The short, miserable lives of zoo elephants: A Seattle Times exposé »
[T]he decades-long effort by zoos to preserve and protect elephants is failing, exacerbated by substandard conditions and denial of mounting scientific evidence that most elephants do not thrive in captivity.
The Times did a first-of-its-kind analysis of 390 elephant fatalities at accredited U.S. zoos for the past 50 years. It found that most of the elephants died from injury or disease linked to conditions of their captivity, from chronic foot problems caused by standing on hard surfaces to musculoskeletal disorders from inactivity caused by being penned or chained for days and weeks at a time.
By 2003, the weight of scientific evidence that elephants failed to thrive in zoos, combined with pressure from animal-welfare groups worldwide, prompted U.S. agencies to dramatically slow the importation of wild elephants. An easy supply of elephants masked the premature deaths and decline of captive elephants in U.S. zoos. With their supply line nearly closed, zoos stepped up captive breeding to replenish the dying ranks.
[The Association of Zoos and Aquariums along with representatives from dozens of zoos that housed elephants] agreed to “speak and act with a unified voice” in claiming that elephants were thriving in zoos. Together, they hired a crisis-management firm and agreed to dub critics of elephant captivity as “extremists.” They also committed in writing to aggressively breed elephants, following a “species survival plan.”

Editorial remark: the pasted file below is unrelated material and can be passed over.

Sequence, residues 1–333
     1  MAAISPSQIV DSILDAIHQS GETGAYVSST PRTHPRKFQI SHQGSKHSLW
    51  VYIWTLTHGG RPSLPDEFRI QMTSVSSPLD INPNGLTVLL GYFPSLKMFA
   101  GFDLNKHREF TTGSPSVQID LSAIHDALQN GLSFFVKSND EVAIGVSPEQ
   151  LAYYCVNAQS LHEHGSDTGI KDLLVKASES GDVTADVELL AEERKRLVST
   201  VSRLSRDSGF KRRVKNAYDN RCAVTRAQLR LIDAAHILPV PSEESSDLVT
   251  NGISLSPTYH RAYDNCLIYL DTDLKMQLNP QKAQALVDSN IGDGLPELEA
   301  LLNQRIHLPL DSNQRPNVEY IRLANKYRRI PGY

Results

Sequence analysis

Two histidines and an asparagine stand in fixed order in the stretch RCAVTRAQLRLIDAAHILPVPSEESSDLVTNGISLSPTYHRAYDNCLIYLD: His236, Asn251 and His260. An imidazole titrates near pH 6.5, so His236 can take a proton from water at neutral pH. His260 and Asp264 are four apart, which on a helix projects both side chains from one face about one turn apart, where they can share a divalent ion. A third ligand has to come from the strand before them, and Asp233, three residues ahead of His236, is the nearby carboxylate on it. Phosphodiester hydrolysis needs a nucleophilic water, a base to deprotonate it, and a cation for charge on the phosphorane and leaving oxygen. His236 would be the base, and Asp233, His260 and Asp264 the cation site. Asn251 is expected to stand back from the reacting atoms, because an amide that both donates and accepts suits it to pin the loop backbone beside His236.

That’s all from part one. Part two addresses zoos’ sneaky methods of importing wild elephants, and their efforts to keep their old, abused elephants out of sanctuaries like (Vegansaurus favorite) PAWS.
A consortium of zoos is also building its own sanctuary where zoos can send unwanted males. Officials broke ground in April on a 225-acre sanctuary called the National Elephant Center in Fellsmore, Fla. The first phase includes a 13,000-square-foot barn and enough pasture for nine elephants. The $15 million project will eventually house up to 36 elephants.
Accredited zoos also plan to use the center for breeding, one way to revitalize the nation’s elephant population.
Gift idea this year: Adopt a PAWS elephant. Zoos really are the grossest. If you want to show tiny children the magic of wild animals, take them to a sanctuary and let a nice staff person explain why putting animals on display is horrible in tiny-child-friendly terms. Or, you know, just watch nature videos on a big TV and recognize you can’t have everything.